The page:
• Backend cluster—All subsequent activity and access to data is handled through the back-end cluster. It manages dashboards, visualizations, datasets, reports, data , data connections, and data refresh activities. The backend cluster hosts many roles, including Azure API Management, Gateway, Presentation, Data, Background Job Processing, and Data Movement.

Users directly interact only with the role and Azure API Management, which are accessible through the internet. These roles perform , authorization, distributed denial-of-service (DDoS) protection, bandwidth throttling, , routing, and other security, performance, and availability functions. There is a distinction between roles users can access and roles only accessible by the system.

Stay tuned for part 2 of our series where we'll go deeper into how Flow further secures authentication of your users and data, and enhances the IT experience, all while aligning to several regulatory frameworks.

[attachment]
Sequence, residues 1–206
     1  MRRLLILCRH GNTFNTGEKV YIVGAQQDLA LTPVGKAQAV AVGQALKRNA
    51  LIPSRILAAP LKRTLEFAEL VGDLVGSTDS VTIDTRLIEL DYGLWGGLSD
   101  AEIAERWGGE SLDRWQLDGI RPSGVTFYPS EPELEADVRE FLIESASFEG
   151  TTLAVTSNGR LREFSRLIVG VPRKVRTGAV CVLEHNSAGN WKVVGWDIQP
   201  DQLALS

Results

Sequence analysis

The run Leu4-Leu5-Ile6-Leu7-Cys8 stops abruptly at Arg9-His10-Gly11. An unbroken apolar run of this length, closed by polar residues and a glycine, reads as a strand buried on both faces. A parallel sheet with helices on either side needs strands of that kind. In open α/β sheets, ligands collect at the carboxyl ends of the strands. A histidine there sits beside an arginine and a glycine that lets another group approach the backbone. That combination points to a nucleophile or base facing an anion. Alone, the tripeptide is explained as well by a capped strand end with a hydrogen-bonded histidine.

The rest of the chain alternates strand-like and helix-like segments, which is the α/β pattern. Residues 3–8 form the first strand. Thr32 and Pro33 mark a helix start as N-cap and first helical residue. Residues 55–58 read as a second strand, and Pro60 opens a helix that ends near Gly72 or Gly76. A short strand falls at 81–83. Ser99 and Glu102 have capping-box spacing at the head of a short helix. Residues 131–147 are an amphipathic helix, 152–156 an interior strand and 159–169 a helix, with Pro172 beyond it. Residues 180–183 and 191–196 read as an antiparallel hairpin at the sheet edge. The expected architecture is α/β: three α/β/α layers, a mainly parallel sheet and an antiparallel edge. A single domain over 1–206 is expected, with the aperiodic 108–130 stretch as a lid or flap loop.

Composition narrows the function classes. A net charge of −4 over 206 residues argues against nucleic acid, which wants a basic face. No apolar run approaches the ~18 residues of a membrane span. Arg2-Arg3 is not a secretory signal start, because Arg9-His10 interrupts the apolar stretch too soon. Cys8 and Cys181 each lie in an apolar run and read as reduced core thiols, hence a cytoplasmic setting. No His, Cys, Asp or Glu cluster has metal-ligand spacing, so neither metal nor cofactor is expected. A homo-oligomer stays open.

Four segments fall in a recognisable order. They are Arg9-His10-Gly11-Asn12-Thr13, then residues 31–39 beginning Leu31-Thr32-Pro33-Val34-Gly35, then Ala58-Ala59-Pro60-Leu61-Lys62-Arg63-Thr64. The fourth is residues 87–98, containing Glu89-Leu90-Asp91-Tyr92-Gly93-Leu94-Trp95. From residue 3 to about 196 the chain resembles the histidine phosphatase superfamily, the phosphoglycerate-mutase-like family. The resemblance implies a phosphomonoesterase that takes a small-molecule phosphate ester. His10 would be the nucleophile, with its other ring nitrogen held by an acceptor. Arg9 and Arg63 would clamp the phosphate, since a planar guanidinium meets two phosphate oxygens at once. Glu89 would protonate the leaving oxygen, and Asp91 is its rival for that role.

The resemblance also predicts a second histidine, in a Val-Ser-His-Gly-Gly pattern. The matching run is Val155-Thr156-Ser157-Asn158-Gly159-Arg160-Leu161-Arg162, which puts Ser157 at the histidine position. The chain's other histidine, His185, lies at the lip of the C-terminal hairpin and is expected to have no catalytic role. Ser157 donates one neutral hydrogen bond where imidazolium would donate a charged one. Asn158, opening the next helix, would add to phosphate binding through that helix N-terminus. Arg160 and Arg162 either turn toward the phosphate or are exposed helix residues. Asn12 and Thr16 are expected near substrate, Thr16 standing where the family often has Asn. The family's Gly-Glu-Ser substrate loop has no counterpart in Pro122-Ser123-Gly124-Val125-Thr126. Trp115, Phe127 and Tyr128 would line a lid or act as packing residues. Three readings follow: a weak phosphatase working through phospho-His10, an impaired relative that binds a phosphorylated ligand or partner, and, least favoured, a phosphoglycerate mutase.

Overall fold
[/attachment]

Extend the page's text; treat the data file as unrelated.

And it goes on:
Image showing Microsoft's global datacenter locations.

Figure 4. Microsoft's global datacenter locations.

Let Flow enhance your digital transformation

Let your organization start benefiting from one of the most powerful and secure automation services available on the market. Watch the video and follow the instructions to get started with Flow. Be sure to join the growing Flow community and participate in discussions, provide insights, and even influence product roadmap. Also, follow the Flow blog to get news on the latest Flow updates and read our white paper on best practices for deploying Flow in your organization. Be sure to check out part 2 where we dive deeper into how Flow offers the best and broadest security and compliance foundation for any automation service available in the market.

Additional resources

The post Foundations of Microsoft Flow—secure and compliant automation, part 1 appeared first on Microsoft Security.


This article was originally published by Microsoft's ITOps Talk Blog. You can find the original article here.